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'Take Em Down NOLA' to demand Zulu to end black makeup tradition

Take Em Down NOLA is demanding the change because they say the makeup reinforces racist stereotypes.

NEW ORLEANS — One group says they are planning to speak out Thursday against the Zulu Social Aid & Pleasure Club's tradition of using black makeup for its Mardi Gras float riders.

Take Em Down NOLA has scheduled a press conference to demand that the krewe prohibit its riders from wearing the traditional black makeup during the 2019 parade. The group is demanding the change because they say the makeup reinforces racist stereotypes.

"It is no longer tenable for ZULU to pretend that wearing Blackface is not reinforcing racist stereotyping of Black people," Malcolm Suber said.

Last week, the club distributed a statement in an effort to head off any criticism of its long-standing custom of parade riders blacking their faces. The statement says Zulu parade costumes bear no resemblance to those worn by "blackface" minstrel performers at the turn of the century. It also says that Zulu's costumes are designed to honor garments worn by South African Zulu warriors and notes the tradition hails from poverty in the post-Reconstruction South, when makeup — not masks —was the only option available to them.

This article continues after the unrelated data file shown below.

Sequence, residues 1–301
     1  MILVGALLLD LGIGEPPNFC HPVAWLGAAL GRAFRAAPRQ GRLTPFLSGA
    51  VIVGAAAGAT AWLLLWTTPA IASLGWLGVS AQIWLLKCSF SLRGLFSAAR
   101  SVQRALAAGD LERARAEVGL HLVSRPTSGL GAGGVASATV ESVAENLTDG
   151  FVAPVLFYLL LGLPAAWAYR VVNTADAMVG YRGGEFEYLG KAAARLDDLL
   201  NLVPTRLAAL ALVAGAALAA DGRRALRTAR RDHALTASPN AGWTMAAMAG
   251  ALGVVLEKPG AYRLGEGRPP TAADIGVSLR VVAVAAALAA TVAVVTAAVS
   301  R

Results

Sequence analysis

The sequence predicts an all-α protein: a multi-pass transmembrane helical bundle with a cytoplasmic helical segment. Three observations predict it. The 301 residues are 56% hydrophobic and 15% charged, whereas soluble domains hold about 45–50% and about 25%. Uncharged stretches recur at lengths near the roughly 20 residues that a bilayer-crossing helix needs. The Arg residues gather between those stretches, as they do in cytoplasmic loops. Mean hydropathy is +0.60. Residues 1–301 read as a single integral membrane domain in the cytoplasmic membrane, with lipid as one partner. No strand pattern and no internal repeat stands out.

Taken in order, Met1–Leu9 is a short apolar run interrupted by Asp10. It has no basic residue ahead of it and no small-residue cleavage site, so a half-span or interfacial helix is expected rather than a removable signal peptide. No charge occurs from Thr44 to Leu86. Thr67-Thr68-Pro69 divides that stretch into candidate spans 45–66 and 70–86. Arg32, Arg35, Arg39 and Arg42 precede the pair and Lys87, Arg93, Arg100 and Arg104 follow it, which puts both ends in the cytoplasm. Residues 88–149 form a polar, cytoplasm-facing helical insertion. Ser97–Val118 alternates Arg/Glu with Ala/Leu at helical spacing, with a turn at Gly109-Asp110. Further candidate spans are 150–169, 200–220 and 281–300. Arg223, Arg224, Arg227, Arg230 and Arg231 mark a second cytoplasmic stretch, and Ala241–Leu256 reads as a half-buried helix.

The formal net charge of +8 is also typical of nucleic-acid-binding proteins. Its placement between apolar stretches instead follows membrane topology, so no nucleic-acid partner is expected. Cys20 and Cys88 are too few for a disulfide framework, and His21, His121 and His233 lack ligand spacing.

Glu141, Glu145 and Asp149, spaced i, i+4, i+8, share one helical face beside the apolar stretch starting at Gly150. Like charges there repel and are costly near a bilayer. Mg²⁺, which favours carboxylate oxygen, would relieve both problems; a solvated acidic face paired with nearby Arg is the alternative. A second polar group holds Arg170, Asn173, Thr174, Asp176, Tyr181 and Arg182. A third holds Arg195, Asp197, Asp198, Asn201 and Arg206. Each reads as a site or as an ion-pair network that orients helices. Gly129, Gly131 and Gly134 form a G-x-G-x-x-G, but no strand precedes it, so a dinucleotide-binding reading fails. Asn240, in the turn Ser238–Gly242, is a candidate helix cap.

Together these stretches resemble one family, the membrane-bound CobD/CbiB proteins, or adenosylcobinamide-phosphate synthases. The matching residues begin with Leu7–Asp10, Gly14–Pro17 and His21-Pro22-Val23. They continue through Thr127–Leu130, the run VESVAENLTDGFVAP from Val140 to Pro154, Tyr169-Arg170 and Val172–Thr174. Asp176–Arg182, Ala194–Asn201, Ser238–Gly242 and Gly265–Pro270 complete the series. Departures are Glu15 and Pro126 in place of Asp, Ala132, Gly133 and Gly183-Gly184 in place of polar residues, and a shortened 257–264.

RELATED: Zulu says Mardi Gras tradition is not the same as blackface

The club's statement comes just weeks before it prepares to roll on March 5, Fat Tuesday.

Earlier this month, Zulu historian Clarence Becknell said that the krewe has no plans on stopping the tradition. 

Take Em Down NOLA's press conference is set for 5 p.m. Thursday on the neutral ground across from the krewe's headquarters on Broad Street and Orleans Avenue.

RELATED: Zulu says blackface tradition isn't going anywhere

The Associated Press contributed to this report. 

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